Terming as unfortunate the death of youngsters in the ongoing disturbances in Jammu and Kashmir, the state government today told the Supreme Court that a 26 year old youth was killed by pellet injuries and not shot at point-blank as claimed by his father.
Making its submissions before the Supreme Court, the state government said the autopsy report has revealed that the young man, who was allegedly killed at Tengpora in Batamaloo area of Srinagar on July 10, had died of pellet injuries.
One Abdul Rehman Mir had alleged that his son Shabir Ahmad Mir was shot by police at his home from a point blank range on July 10, while the Jammu and Kashmir Police had claimed that he had died during protests in the Valley.
Attorney General Mukul Rohatgi appearing for state government told a bench of Justices P C Ghose and Amitava Roy that the post-mortem report belied the claim of the victim’s father that he was shot by policemen from point blank range.
“It’s an unfortunate incident. We are not treating it as an adversarial litigation. It is unfortunate that young people are dying in disturbances in the state. The post-mortem report belies the claim of victim’s father,” Rohatgi said.
The post-mortem, conducted on the body of Shabir Ahmad Mir following the direction of apex court, has revealed that he died of pellet injuries and not because of bullet wounds as claimed by his father.
The bench posted the matter for further hearing on November 23.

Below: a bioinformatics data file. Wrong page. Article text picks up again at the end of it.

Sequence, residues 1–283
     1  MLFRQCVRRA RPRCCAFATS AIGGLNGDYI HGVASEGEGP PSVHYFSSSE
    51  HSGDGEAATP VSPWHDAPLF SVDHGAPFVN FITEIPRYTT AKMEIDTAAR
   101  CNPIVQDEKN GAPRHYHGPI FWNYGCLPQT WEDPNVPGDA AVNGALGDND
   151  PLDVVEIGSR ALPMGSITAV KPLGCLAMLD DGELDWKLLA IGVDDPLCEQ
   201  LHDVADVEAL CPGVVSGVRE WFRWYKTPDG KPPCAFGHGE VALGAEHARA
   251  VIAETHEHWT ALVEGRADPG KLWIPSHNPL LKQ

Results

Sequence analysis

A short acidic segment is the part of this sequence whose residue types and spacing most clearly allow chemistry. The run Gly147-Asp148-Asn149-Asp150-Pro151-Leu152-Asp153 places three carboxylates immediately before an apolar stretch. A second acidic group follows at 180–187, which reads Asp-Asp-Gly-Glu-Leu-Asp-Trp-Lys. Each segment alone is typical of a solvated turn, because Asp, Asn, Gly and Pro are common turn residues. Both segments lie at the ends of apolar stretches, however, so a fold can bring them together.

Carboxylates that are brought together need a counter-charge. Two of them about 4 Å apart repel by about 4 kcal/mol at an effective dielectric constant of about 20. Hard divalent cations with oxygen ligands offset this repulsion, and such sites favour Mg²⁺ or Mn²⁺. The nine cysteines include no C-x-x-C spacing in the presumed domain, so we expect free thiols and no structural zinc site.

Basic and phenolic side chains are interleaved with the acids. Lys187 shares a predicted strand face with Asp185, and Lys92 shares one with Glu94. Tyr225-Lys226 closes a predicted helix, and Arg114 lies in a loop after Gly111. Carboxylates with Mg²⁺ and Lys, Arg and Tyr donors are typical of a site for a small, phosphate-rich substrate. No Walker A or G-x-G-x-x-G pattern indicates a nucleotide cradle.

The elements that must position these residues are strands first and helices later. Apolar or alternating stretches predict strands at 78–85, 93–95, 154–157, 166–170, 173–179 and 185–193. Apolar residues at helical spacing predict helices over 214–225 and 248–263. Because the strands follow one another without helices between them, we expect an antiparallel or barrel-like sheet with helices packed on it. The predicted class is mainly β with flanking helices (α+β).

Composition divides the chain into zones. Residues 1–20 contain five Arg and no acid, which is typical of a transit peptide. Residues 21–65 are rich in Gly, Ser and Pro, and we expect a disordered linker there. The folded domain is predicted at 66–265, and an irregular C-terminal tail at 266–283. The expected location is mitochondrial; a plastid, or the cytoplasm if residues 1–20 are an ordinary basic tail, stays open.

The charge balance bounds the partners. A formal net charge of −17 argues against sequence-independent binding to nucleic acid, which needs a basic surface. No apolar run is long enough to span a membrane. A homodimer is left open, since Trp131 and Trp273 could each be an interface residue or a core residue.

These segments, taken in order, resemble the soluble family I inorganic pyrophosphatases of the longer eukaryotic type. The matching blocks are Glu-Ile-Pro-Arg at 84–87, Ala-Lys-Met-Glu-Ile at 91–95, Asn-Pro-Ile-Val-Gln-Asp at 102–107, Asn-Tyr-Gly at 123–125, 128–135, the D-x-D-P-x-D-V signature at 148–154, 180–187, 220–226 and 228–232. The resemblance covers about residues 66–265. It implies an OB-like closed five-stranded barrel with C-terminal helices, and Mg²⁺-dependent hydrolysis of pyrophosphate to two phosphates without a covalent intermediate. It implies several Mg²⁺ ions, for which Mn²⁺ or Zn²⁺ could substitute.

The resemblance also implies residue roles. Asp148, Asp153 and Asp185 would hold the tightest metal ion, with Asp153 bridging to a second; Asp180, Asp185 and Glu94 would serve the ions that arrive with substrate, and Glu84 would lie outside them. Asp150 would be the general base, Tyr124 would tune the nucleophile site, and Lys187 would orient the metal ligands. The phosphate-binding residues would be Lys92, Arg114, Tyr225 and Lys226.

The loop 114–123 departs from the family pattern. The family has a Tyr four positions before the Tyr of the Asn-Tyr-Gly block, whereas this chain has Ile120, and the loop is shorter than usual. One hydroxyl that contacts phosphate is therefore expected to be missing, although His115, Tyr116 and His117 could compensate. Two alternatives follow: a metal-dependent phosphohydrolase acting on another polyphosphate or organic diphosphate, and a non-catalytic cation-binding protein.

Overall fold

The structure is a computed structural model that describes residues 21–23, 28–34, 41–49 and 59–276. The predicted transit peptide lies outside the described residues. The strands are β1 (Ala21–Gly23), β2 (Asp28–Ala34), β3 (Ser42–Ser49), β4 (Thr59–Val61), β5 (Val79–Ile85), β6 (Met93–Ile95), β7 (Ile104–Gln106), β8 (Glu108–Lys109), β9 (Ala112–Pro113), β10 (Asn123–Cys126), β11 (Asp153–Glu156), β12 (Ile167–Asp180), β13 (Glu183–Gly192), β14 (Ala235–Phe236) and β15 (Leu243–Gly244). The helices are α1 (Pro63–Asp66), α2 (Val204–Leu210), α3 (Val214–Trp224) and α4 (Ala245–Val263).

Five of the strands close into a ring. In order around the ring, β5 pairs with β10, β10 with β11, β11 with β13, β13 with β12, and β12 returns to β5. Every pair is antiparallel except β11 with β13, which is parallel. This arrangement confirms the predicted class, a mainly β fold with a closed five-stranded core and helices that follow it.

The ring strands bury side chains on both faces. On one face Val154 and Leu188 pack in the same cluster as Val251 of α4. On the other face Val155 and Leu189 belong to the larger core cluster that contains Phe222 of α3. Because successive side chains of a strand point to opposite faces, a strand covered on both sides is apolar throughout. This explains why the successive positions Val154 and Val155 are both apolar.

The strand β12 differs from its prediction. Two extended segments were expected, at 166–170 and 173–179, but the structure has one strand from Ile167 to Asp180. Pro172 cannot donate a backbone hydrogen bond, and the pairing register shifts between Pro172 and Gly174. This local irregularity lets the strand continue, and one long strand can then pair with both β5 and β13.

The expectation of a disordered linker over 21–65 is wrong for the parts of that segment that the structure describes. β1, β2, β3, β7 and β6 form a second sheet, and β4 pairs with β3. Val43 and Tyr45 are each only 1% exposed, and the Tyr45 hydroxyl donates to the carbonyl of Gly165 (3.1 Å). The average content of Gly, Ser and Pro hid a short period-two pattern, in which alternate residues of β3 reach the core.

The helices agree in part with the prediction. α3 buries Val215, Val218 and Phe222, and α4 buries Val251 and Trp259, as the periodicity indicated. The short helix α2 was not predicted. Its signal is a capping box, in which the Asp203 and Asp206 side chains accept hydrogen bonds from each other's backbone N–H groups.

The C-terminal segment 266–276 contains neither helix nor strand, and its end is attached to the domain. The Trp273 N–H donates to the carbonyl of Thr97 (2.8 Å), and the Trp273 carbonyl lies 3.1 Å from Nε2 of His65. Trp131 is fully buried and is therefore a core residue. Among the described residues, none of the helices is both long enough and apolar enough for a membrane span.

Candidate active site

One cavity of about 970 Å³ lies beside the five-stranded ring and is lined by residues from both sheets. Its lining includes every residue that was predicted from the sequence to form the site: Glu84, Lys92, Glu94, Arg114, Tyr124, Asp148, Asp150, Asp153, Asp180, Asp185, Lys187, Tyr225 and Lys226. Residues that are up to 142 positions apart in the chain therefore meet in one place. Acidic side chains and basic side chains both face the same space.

On August 12, the apex court had ordered for exhumation and autopsy of the body of Shabir under the supervision of the District and Sessions Judge.
Rohatgi had assured the court that the probe would have the highest level of transparency and the authorities would leave no stone unturned to get to the bottom of the case.
The court had given liberty to the District and Sessions Judge of Srinagar to have the assistance of officers of his choice for the impartial exercise of carrying out the autopsy and exhumation.
The apex court had observed that it was a serious matter and such a situation should be handled with humane approach and extreme sensitivity.
The apex court had earlier stayed contempt proceedings initiated against the Senior Superintendent of Police and Inspector General of Police (Kashmir Range) for not lodging an FIR against the policemen, including a Deputy Superintendent of Police (DSP), allegedly involved in the killing of Mir.
It had also issued notice to Mir’s father on the plea of the Jammu and Kashmir government.
The Chief Judicial Magistrate, Srinagar, had on July 18 directed the SSP to file an FIR against DSP Yasir Qadri and others on an application of Mir’s father.
Later, contempt proceedings were initiated by the CJM for non-filing of the FIR against the police officers in connection with the incident.
The family of the deceased has contested the state’s plea, claiming the killing to be a separate incident which had nothing to do with the FIR registered by the police.